Summer travel is underway in Europe as the European Union officially launches its digital COVID-19 certificate. If you’re planning a trip to or within Europe this summer. Here’s what you need to know about using your certificate to get there.
What is the EU digital COVID-19 cert?
The certificate is an EU-wide approach, to facilitate free movement across the bloc during the pandemic. It tracks citizens’ COVID-19 status; indicating if the holder has been vaccinated, has tested negative for the virus, or has recovered from infection. Individual countries will issue their own certificates through a recognized health official.
How does it work?
Your mobile device will store digital certification, citizens can also request a paper version . Both will have a QR code that contains essential information. As well as a digital seal to ensure the certificate is authentic. Once they hold the certificate, every EU citizen or third-country national legally staying or residing in the EU should be exempt from free movement restrictions, including quarantine and additional testing “unless they are necessary and proportionate to safeguard public health.
What countries are issuing it?
The regulation governing the digital COVID certificate comes into effect on July 1 but member states have up to six weeks to implement it. Some countries, including Denmark, Spain and Greece have already trialled it and most EU countries are ready to comply today with the exception of Ireland. Its expected to introduce the certification on July 19th. After suffering delays due to a recent and unrelated cyber attack on its health service. The certificate is also available to non-EU members of the European Schengen zone, including Iceland, Liechtenstein, Norway and Switzerland.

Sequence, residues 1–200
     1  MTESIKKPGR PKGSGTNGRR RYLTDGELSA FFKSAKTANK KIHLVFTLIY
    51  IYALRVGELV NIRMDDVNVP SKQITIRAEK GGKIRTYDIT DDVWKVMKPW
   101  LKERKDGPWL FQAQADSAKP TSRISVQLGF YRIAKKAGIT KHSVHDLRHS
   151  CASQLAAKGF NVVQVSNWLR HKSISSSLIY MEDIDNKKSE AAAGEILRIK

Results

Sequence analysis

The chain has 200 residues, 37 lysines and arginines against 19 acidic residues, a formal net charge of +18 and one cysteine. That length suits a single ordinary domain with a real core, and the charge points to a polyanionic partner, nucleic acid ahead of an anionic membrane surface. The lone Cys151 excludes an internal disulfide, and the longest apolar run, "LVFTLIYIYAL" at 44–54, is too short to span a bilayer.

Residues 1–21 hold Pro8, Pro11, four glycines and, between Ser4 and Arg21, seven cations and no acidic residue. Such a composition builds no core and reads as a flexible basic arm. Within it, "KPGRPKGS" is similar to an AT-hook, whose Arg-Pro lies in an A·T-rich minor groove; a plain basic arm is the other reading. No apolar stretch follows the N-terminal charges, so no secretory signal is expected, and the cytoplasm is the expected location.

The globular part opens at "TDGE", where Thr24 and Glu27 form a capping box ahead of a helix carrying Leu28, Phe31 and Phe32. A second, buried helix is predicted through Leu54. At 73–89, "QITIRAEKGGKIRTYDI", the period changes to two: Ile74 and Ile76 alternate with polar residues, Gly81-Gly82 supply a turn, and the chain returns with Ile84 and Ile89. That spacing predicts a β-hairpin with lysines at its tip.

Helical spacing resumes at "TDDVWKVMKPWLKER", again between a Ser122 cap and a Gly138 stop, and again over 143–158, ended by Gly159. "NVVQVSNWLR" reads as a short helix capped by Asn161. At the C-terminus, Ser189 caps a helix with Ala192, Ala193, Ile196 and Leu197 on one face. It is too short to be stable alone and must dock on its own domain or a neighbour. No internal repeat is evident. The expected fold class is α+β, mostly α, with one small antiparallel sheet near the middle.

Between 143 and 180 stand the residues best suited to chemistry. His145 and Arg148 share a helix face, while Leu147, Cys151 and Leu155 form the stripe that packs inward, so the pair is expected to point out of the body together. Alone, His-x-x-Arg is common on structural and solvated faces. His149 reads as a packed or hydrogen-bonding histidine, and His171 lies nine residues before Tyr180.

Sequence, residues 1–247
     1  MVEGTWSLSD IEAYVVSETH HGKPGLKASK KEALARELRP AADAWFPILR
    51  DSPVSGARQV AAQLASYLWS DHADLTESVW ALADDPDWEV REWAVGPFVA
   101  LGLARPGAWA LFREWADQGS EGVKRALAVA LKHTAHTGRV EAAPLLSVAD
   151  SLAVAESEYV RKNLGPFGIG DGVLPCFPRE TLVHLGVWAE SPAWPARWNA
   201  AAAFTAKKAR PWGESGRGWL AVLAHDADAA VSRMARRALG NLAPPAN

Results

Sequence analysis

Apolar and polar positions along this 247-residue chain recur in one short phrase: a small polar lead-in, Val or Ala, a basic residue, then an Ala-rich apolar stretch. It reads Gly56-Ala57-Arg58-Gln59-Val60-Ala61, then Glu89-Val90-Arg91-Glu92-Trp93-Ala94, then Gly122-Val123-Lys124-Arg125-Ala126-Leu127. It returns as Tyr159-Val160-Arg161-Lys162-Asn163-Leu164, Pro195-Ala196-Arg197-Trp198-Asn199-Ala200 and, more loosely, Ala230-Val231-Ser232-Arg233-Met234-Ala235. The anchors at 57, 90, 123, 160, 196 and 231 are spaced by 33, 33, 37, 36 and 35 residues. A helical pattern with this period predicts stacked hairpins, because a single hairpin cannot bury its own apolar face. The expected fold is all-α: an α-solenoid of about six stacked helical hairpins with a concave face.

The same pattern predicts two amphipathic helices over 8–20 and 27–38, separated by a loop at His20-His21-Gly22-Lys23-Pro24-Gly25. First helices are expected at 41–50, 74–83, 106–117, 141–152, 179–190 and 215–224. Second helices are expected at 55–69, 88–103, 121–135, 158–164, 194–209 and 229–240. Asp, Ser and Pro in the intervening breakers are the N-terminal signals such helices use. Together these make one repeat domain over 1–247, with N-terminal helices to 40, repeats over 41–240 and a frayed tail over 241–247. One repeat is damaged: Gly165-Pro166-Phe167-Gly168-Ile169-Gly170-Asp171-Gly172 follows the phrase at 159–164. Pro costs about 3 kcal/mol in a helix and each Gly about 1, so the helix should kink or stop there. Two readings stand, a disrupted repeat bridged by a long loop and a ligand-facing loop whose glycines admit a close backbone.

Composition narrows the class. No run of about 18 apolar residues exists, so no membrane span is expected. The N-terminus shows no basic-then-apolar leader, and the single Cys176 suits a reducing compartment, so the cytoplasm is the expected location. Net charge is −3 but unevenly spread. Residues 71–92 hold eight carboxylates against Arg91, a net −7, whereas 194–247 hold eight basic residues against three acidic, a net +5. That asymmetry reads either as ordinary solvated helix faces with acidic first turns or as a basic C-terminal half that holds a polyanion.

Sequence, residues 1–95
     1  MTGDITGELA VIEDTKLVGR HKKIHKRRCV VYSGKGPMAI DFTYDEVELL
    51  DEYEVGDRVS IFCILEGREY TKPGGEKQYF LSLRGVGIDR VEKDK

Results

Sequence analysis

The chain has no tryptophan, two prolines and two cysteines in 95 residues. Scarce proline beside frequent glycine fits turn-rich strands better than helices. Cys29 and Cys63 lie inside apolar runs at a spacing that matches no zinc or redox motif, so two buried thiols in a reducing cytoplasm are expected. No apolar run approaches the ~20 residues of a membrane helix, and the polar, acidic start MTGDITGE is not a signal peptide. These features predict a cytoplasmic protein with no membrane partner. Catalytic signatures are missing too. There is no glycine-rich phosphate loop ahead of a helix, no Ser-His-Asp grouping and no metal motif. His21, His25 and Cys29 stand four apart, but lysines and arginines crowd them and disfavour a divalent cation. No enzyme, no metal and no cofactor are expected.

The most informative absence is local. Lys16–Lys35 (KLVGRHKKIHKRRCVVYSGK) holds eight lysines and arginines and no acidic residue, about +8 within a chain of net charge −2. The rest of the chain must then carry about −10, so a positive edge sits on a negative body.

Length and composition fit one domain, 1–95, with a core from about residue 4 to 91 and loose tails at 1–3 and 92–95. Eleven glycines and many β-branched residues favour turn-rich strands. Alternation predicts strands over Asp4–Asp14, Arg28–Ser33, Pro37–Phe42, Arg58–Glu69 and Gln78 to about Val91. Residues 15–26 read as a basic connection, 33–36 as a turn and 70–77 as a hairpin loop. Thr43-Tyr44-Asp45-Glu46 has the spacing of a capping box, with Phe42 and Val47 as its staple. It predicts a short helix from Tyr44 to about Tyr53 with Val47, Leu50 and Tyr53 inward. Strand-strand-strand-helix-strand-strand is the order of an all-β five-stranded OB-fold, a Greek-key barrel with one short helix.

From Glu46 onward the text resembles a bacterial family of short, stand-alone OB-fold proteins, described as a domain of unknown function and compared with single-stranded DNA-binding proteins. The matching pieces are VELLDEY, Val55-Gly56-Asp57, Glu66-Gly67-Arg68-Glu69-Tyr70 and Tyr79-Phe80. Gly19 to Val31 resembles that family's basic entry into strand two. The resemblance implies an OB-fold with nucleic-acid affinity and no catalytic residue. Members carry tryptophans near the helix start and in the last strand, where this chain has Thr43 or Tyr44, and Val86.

What vaccinations are approved?
EU countries will accept vaccination certificates for vaccines approved by the European Medicines Agency (EMA), including the Moderna, Pfizer/BioNTech and Johnson & Johnson vaccines. However, member states may decide to accept travellers who have received another vaccine, such as those listed by the World Health Organization (WHO) for emergency use.